Tag Archives: violence

Climate Change and Human Violence

dry_desertResearch on climate change has long suggested that increases in average global temperatures in the near to medium-term future could trigger conflict over food and water resources. As global temperatures increase, drought will become more common and food and water could become more scarce, sparking violent conflict between states. But a new line of research published in Science suggests that violent conflict could become more common as global temperatures increase even in the absence of underlying resource tensions.

Researchers at the University of California, Berkeley and Princeton University analyzed 60 previous studies from around the world, ranging “spikes in domestic violence in India and Australia; increased assaults and murders in the United States and Tanzania; ethnic violence in Europe and South Asia; land invasions in Brazil; police using force in the Netherlands; civil conflicts throughout the tropics; and even the collapse of Mayan and Chinese empires.” The study found strong correlations between each of these and increases in global temperatures. As the study’s co-lead author, Marhsall Burke noted, “a 1 standard deviation shift towards hotter conditions causes the likelihood of personal violence to rise 4 percent and intergroup conflict to rise 14 percent.” An increase in global temperatures by 2 degrees Celsius, in other words, could increase the rate of intergroup conflicts—largely ethnic conflict and civil wars—by over 50 percent.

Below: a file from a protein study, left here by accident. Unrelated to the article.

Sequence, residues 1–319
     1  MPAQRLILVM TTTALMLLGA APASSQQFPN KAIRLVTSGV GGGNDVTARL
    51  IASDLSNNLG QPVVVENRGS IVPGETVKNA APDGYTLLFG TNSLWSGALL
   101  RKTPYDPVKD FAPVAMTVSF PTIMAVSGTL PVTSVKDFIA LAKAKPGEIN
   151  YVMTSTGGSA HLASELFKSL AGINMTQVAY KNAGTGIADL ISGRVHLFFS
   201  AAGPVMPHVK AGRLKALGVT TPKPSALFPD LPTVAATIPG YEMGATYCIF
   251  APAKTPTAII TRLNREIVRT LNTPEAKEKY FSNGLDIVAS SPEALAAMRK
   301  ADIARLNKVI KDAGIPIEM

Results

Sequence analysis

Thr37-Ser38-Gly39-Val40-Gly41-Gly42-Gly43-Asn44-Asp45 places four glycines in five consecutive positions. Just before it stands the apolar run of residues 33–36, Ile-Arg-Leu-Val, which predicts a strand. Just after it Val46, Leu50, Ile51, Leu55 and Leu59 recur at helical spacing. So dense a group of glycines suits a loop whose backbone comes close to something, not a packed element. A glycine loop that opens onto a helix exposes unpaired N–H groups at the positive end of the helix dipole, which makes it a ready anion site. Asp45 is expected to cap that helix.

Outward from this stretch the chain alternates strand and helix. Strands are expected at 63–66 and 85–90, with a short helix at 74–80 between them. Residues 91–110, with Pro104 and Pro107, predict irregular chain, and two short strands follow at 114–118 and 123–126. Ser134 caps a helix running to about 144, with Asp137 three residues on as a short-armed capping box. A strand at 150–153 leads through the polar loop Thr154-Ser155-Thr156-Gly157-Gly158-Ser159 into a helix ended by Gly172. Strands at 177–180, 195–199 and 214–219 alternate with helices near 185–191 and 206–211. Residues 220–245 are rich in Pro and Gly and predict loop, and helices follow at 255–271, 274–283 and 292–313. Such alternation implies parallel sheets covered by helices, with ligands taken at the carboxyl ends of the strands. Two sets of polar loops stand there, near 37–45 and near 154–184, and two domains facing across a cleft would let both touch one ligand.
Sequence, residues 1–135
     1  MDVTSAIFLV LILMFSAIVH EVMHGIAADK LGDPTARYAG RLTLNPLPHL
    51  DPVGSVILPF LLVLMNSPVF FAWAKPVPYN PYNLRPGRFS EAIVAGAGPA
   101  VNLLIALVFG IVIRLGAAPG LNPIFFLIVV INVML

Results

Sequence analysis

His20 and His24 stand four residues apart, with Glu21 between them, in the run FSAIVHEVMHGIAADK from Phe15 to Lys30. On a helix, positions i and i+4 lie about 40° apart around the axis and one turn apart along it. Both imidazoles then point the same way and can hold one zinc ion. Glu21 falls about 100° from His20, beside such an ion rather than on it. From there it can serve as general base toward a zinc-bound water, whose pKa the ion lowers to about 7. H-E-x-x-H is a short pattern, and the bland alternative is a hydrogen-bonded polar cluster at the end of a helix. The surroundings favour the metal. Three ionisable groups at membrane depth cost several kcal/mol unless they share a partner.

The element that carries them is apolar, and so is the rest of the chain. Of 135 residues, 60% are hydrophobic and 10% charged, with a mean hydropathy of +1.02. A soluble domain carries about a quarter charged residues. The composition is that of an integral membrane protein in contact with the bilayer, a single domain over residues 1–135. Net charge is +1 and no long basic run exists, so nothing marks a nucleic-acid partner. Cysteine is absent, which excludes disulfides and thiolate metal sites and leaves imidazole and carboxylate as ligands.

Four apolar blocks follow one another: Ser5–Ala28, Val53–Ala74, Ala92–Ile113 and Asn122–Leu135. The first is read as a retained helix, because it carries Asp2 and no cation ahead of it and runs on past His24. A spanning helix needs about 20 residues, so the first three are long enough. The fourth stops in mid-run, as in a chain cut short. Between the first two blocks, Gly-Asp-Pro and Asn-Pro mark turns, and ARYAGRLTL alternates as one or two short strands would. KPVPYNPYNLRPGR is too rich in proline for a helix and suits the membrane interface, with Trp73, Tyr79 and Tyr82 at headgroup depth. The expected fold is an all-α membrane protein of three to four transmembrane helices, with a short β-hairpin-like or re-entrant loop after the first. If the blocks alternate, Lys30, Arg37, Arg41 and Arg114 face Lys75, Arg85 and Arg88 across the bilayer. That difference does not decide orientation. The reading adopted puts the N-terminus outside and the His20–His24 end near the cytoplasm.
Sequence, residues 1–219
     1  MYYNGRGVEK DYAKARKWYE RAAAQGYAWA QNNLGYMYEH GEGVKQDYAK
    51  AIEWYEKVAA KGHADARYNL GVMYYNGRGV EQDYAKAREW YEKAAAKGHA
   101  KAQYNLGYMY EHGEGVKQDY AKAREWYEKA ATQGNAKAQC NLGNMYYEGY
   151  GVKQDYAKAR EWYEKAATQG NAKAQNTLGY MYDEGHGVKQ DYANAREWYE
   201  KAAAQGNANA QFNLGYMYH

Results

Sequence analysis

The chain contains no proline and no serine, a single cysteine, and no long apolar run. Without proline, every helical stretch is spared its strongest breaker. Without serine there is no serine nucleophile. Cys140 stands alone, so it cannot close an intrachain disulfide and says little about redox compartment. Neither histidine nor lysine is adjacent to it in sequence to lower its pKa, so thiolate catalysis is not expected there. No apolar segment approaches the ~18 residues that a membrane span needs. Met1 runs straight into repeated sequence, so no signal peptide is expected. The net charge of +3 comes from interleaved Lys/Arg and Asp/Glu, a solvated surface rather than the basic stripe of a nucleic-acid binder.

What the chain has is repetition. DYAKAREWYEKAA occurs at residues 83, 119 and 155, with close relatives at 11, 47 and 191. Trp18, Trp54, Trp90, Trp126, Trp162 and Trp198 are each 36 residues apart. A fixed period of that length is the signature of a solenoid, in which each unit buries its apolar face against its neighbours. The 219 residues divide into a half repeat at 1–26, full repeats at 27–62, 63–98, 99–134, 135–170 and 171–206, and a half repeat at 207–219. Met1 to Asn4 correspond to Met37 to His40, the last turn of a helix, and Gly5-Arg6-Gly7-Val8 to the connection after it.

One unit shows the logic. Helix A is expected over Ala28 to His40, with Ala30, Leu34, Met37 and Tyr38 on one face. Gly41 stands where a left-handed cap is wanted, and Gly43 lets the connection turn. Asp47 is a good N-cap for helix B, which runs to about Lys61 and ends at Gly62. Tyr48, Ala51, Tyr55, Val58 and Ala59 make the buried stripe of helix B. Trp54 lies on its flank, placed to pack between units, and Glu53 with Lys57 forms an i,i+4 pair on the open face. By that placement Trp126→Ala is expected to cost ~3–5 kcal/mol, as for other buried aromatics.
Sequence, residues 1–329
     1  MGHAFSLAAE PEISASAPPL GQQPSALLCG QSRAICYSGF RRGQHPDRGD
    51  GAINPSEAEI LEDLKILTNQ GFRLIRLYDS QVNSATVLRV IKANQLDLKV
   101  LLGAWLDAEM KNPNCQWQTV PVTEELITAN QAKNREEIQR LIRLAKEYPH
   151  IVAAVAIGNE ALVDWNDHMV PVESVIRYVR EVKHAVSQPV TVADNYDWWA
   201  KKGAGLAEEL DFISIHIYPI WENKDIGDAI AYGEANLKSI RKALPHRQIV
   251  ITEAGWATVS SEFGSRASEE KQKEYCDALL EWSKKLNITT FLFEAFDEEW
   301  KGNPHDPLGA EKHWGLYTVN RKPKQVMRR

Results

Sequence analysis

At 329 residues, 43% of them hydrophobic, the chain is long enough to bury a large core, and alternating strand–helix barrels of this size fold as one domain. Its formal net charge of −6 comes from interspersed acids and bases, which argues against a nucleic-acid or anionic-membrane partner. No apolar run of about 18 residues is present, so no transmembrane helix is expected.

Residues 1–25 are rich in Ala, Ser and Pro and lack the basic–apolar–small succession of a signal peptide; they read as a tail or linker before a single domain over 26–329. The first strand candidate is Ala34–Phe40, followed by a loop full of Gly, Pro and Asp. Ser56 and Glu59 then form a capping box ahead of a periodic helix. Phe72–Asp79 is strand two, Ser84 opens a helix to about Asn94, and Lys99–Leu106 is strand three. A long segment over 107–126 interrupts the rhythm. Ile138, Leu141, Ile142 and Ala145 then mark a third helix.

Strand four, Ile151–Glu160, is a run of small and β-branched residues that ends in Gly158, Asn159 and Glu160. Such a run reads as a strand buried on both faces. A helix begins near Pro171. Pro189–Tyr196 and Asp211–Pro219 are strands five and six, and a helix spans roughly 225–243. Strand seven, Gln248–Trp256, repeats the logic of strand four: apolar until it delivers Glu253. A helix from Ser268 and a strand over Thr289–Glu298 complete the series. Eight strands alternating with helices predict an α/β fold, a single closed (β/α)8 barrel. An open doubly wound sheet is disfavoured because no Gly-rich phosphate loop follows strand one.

What do you think? Is climate change likely to increase intergroup conflict in the near future? Or is there something else at play here? Take the poll or leave a comment below and let us know what you think.

The Power of Female Education


Malala Yousafzai addresses the United Nations.

Malala Yousafzai addresses the United Nations.

Malala Yousafzai, the Pakistani girl shot by the Taliban last October, addressed the United Nations on Friday, marking her 16th birthday. Yousafzi was shot in the head by masked gunmen while on a school bus in an effort to silence her campaign for girls’ rights.

Yousafzi symbolically wore a pink shawl that belonged to assassinated Pakistan leader Benazir Bhutto. In her speech to the United Nations, Yousafzi argued that “The extremists were, and they are, afraid of books and pens. They are afraid of women.” She called on political leaders to ensure that every child—boy and girl—has access to education.

“Let us pick up our books and pens. They are our most powerful weapons. One child, one teacher, one pen and one book can change the world. Education is the only solution. Education first.”

The complete video of the address is available on YouTube (and below).

What do you think? Does education reduce the propensity for violence and extremism? Would greater access to education—particularly female education—in countries like Pakistan and Afghanistan reduce the ongoing violence there? Take the poll below or leave a comment and let us know what think.